Summit, Conversation, Animals, and Wagon Wheels

It was my second visit to the CSS, though this time I was a solo guest. The occasion was a Cigital ARA summit. It is pretty remarkable what a good group of minds can accomplish in a short period of time when there is a change of scenery. The summit was an exchange of good ideas and ended with a new direction for the ARA practice. Post-summit was a break for apéritifs (I enjoyed a cocktail called The Liberal with a real marisca cherry… a house specialty).

Dinner followed with a subset of the ARA summit guests and our host’s progeny. The main course was an outstanding beef tenderloin (that put the steak I had the previous night at Wildfire to shame), paired with a malbec. A bonus during dinner was getting to watch a grown man eat his very first Brussels sprout. He immediately and amusingly decided he did not like Brussels sprouts. These examples of the cultivar happened to be roasted to perfection, so he really must not like Brussels sprouts.

After dinner, the last visiting Cigitalite other than myself left, and the party moved to the bar. As always, the drinks were exceptional and made from the finest ingredients. It is a rare opportunity to sample such high quality cocktails and I enjoyed every last drop. This strategy was not without its shortcomings, but those repercussions waited until the morning to show up. The drinks were accompanied by great conversation with the host. Many topics were discussed and some new ideas were formed for both work and non-work (a.k.a. “life”).

The night wound down at about 2 AM and I made my way up the hill to the CSS. What happened next is a bit hazy for me. I sat down on the couch to remove my shoes, blinked, and the sun was up. Apparently, I decided to (or felt compelled to) crash on the couch. My host found this amusing and I found it to be practical—no sheets to wash!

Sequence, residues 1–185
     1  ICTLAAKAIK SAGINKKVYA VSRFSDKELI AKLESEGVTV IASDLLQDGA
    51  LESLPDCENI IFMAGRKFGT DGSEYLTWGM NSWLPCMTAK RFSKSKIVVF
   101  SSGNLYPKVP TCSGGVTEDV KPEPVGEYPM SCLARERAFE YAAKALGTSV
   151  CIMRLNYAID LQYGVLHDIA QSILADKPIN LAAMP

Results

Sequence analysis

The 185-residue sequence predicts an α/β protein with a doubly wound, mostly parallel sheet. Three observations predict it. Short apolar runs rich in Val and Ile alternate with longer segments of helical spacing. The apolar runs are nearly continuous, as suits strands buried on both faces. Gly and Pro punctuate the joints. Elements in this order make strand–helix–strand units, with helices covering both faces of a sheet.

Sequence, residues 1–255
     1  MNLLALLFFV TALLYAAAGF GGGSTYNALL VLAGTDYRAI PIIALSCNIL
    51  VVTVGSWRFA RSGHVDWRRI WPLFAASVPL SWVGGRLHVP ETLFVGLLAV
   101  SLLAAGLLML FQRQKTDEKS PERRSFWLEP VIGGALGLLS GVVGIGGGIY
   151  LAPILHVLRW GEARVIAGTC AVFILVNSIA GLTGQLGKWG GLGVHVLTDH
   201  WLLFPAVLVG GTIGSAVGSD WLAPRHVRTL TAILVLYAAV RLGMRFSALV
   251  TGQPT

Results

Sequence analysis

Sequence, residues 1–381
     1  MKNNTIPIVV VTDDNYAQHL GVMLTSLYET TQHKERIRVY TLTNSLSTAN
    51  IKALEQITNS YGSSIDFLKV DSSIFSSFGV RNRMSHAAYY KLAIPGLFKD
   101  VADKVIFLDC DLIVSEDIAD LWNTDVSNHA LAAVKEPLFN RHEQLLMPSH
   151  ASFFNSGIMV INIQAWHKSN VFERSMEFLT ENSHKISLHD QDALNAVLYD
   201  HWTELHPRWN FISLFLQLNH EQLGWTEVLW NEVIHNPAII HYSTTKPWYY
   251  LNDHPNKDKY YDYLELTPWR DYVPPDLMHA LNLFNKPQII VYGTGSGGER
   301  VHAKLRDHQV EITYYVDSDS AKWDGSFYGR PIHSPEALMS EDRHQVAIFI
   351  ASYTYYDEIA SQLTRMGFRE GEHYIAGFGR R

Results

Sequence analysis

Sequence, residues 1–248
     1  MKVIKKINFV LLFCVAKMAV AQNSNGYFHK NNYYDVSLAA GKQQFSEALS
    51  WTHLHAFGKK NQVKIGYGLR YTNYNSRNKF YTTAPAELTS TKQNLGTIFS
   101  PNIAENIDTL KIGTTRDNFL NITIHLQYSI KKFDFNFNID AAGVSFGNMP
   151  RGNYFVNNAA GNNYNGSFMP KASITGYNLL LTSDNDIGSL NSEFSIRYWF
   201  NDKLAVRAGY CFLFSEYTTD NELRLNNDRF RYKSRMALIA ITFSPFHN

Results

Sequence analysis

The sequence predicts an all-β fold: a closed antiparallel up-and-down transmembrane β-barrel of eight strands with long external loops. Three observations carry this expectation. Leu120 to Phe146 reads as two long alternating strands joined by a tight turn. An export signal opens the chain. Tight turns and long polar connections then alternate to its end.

The plan was to have breakfast at 10 o’clock, so I had about an hour to (re-)explore the farm. I was immediately greeted by some energetic dogs and timid cats. It was my own personal run through “Old MacDonald Had a Farm” as I spent some time with the dogs, cats, chickens, horse, pony, and goats. I do realize this is quite routine for most, but for a Brooklynite (or Philadelphian) it was quite cathartic.





During my exploring I came across a familiar site.  There are two wagon wheels on the farm that once belonged to a relative. I had not seen them since they were FedExed to [undisclosed location] from New Hampshire (much to the amusement of the FedEx driver) and it was really moving to see them in such a perfect setting.


After a rejuvenating breakfast (bacon with nitrates) and a short driving tour of the local county seat, I headed home. Many thanks to my generous host. Already looking forward to another visit to the CSS in April!

March 24, 2013 / coalstovesinkguest

Scotching Bourbon at Coal Stove Sink

For the uninitiated, the Coal Stove Sink Guesthouse is an amazing experience.

Great location. Great people (especially the bar tender-disc jockey-sous chef).

Warning: be prepared to drink, talk, laugh, debate (pick any subject), drink, laugh, listen to great music (a truly eclectic mix), drink and laugh some more.  Did I mention the drink part?

The house specialty is called a “Liberal” an insane cocktail concoction that lives up to its name in numerous ways:  Liberal = liberal types and quantities of spirits, liberally served and consumed, causing liberation from many inhibitions.

[from noplasticshowers, The Liberal
.75 oz Bourbon (I like to use Pappy van Winkle 20 when I am feeling adventurous, but definitely something cask strength)
.75 oz Sweet vermouth
.3 oz Amer Picon (or Torani Amer if you live in the states and always run out of Amer Picon)
Add a dash of Orange Bitters but only if you are using Torani Amer in order to help it simulate the real thing (I use both Fee Brothers and Regans as the mood strikes me)
Stir over ice, serve up with a cherry.]

My evening included two or three Liberals (I don’t remember exactly), a shared bottle of wine over a wonderful meal talking about a wide range of subjects from the frivolous to the serious touching on everything from public policy to family.

The night was capped with an alchemist’s cocktail (something I am sure was stolen directly from Severus’ closet) and a final effort to turn a Scotch man to the Dark Side (Bourbon and its wiley ways).  This attempt failed, but the ordeal was wonderful.

Eagle Rare 17, as close to Scotch as you can get and remain pure.

Eagle Rare 17, as close to Scotch as you can get and remain pure.